On March 18th of this year, the Dow Jones Industrial Average (Dow) was finally in positive territory for the year at 0.3%. For most of the quarter, investors had witnessed massive losses in most equity markets in the United States and globally. The domestic GDP (Gross Domestic Product) slowed further to below 1% after a steadily declining performance in 2015.
Although the United States narrowly escaped negative growth for the quarter, business profits were already in recession. They are likely to remain there for the first half of 2016. This situation became evident in the 3rd quarter of 2015, when growth in profits for the Standard and Poor 500 (S&P) dipped to negative 0.8%. It was after two quarters of positive growth of 2.2% and 1.3% respectively, for the first half of the year.
The difficulty in registering profits worsened further in the last quarter of 2015, when profits dropped further to negative 2.9%. The first quarter of 2016 saw profits for the S&P plunge by an additional 6.9%. Estimates for the second quarter are better, but still below zero at negative 1.9%.
If one measures a recession as two quarters of back to back negative growth, the United States entered a recession for profits already at the beginning of the year.
It will be extremely difficult for American corporations to rack up profits, due to a slowing domestic economy. There is also an ever expanding portion of the world economy dipping into recession as well. Many global leaders are already in serious economic trouble, are are experiencing major difficulties associated with growth.
In addition there is the problem of an ongoing worldwide currency devaluation, brought about by negative interest rates and endless rounds of quantitative easing in many leading economies. The specter of a full blown currency war, becomes ever more likely as individual nations become desperate for a return to growth.
The United States went through the worst period ever, for the stock market in the first quarter of 2016. Investors are becoming increasingly unenthusiastic, as the Dow is approaching 18,000 once again. It is now less than 600 points from the all time high but, with a dearth in profits it is likely to be unsustainable at these levels.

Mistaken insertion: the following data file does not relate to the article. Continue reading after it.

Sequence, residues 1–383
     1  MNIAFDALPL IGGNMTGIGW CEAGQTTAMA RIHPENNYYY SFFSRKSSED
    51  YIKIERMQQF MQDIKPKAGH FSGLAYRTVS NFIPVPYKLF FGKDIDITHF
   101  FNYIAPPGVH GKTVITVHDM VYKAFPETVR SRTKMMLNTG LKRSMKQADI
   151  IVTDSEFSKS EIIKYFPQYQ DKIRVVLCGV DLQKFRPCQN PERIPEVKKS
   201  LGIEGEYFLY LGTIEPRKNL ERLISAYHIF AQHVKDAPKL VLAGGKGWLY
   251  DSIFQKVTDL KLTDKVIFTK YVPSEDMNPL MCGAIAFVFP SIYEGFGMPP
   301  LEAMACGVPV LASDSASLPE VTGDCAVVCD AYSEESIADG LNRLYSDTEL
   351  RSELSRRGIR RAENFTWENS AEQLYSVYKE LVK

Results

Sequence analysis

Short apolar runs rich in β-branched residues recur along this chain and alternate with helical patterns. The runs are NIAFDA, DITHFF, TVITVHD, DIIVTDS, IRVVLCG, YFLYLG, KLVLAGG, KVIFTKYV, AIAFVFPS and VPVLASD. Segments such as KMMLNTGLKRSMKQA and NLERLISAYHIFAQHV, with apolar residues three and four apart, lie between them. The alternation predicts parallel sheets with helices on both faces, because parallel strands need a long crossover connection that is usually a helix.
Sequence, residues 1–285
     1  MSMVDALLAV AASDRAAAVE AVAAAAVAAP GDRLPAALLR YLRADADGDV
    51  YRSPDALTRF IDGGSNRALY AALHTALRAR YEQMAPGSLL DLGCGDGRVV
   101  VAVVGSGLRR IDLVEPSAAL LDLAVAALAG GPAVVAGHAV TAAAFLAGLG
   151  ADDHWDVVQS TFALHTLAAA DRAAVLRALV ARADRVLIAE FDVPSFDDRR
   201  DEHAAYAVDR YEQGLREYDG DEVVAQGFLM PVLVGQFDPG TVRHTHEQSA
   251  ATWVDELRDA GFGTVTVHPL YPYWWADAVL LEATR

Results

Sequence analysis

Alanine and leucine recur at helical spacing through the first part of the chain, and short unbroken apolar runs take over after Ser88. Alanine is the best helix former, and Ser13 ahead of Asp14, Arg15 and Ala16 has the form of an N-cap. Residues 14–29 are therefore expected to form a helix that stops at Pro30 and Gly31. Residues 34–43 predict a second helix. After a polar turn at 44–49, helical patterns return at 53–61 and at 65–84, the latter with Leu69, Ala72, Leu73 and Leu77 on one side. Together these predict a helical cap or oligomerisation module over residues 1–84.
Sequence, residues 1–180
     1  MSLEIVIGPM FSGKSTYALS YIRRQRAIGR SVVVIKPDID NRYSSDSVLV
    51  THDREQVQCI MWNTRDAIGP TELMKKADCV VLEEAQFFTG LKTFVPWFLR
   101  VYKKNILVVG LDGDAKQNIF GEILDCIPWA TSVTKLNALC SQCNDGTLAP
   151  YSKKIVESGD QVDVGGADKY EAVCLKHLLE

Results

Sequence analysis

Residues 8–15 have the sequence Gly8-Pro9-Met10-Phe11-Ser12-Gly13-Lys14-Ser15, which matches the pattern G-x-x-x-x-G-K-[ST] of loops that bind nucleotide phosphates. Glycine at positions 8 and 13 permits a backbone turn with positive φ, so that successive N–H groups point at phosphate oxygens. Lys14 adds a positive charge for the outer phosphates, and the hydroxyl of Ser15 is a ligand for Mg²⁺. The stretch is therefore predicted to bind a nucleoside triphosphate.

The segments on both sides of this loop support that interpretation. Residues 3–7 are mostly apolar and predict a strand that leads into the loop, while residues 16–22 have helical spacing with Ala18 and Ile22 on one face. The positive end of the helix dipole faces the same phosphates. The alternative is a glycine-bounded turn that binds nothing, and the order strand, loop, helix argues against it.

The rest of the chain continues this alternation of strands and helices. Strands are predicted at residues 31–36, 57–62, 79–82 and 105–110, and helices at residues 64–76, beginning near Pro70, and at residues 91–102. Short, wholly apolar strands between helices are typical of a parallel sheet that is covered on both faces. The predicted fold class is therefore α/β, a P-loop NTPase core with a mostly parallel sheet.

The American energy sector which had been a major contributor to growth previously, is now undergoing major restructuring. Job losses and declining output, are the result of a glut in supplies of oil and natural gas both domestically and world wide.
Many smaller firms are already bankrupt or soon will be. Larger firms are downsizing at an accelerating rate, no longer able to absorb prices that are below the cost of production in many cases.
The current rally in the United States equity markets is being fueled by a Federal Reserve Bank (Fed), that has now put off further interest rates hikes indefinitely. As recessionary fears in the larger economy fade somewhat, investors have cautiously returned to stocks as the only place to realize a decent return.
The question is how long will money flow into markets, where an ever greater share of companies can no longer deliver profits?
The reason why the Fed and other world central banks are not raising interest rates, is that producer priced inflation is at a historical low rate and the world economy overall is still in decline. Most other countries are still lowering interest rates. The United States alone, was attempting to move in the opposite direction. Of course, this effort seems to have been mostly abandoned for the moment.
After not raising rates since 2006, the United States Fed did finally move last December and had forecast 4 additional increases in 2016. This was reduced to 2 and now there is discussion, that there might well be no hikes at all this year. It is hard to justify increasing interest rates when economic growth is still slowing, both domestically and internationally.